We do understand that there might be a conflicting provision in the NCCI edits, but it is superseded by a specific rule (above) adopted by the Commission.

Conclusion: Allied health care providers should be paid as follows:

For 80: The lesser of 20% of the fee schedule amount or 20% of the primary surgeon's fee.
For 81: The lesser of 15% of the fee schedule amount or 15% of the primary surgeon's fee.
For 82: The lesser of 20% of the fee schedule amount or 20% of the primary surgeon's fee.

 

What does "POC" mean?

"POC" means percentage of charge.  If the fee schedule says "POC76," payment should be 76% of the provider's charge.  If the fee schedule says "POC53.2," payment should be 53.2% of the provider's charge. 

By law, whenever the Commission is unable to calculate a fee for a procedure, payment defaults to POC.  Effective 9/1/11, when the legislature reduced the fee schedule, across the board, by 30%, POC76 was reduced to POC53.2.




Does the Illinois fee schedule apply if the worker/employer/medical provider is in another state?

The defining factor is where the worker filed the workers' compensation claim. If the worker filed the claim in Illinois, then Illinois law and the Illinois fee schedule apply.

Before 6/28/11, out-of-state treatment shall be paid at the greater of 76% of the charged amount or that state's fee schedule. If the treating state did not have a fee schedule at that time, payment is 76% of charge. (Section 7110.90(g) of the rules)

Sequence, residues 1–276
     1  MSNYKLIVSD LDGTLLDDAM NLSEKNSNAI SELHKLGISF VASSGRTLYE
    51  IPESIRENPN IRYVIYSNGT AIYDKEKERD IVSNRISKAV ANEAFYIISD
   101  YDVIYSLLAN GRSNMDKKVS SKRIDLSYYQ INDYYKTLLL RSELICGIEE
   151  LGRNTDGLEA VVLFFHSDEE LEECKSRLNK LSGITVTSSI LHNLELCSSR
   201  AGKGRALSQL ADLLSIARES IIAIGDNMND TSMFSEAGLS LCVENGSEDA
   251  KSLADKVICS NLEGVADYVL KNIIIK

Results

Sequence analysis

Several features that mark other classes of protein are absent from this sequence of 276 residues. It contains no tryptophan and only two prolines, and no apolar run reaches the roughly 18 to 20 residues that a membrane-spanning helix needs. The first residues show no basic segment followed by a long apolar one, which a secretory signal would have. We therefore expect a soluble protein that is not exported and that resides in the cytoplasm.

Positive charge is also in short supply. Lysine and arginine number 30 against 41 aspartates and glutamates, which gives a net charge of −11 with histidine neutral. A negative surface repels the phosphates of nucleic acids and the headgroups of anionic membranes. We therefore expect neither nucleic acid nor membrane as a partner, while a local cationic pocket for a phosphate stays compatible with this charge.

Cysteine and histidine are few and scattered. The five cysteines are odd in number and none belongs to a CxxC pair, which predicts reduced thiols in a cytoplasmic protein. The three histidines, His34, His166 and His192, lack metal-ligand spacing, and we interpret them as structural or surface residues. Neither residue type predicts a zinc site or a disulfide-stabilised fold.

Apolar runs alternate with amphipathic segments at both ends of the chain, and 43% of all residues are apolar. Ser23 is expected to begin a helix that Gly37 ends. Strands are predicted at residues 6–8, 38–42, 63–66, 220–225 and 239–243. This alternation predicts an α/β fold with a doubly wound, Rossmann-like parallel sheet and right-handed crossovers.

Effective 6/28/11, out-of-state treatment shall be paid at the lesser of that state's fee schedule or the Illinois fee schedule amount in the area where the employee resides. If the treating state has no fee schedule, payment shall be the lesser of the actual charge or the Illinois fee schedule amount in the area where the employee resides. (Section 8.2 of the Illinois WC Act)

Effective 11/5/12, if the employee lives out of state, reimbursement shall be the lesser of the actual charge or the fee schedule amount for the hearing site, i.e., the location established by the Commission for hearings. All Cook County cases, for example, are set in Chicago. The hearing site is designated as the setting on the case information screen. (Section 7110.90(g)(1)(B) of the rules)

If the worker filed a claim in another state, the law in that state would govern how medical treatment shall be paid. To determine whether a patient filed a claim in Illinois, contact the Public Information Unit (toll-free 866/352-3033). 

 

How are the fees adjusted each year?

According to Section 8.2(a) of the Act, on January 1 of each year the IWCC adjusts all the fees by the percentage change in the Consumer Price Index-All Urban Consumers, All Items (1982-84=100) for the 12-month period ending August 31 of the previous year. Over the life of the fee schedule, in 2014 fees will run 38% below medical inflation.

Annual Adjustments
Effective date
CPI-Medical
CPI-U/IL FS
Annual Difference

February 1, 2006

4.37%

4.90%

0.53%

January 1, 2007

4.26%

3.80%

-0.46%

January 1, 2008

4.52%

1.97%

-2.55%

January 1, 2009

3.26%

5.37%

2.11%

January 1, 2010

3.31%

-1.48%

-4.79%

January 1, 2011

1.03%

1.01%

-0.02%

September 1, 2011*

-30.00%*

-30.00%

January 1, 2012

3.19%

3.77%

0.58%

January 1, 2013

4.05%

1.69%

-2.36%

January 1, 2014

2.34%

1.52%

-0.82%

Cumulative

30.33%

-7.45%

-37.78%

*Effective 9/1/11, pursuant to HB1698, all fees were reduced by 30%.

 

How can I find another state's workers' compensation fee schedule?

Click here for the Workers' Compensation Research Institute's list of links to the 50 states' fee schedules.

 


Payment Questions

 

What can I do if the payer won’t pay me correctly? Can I charge interest?

You have at least five options: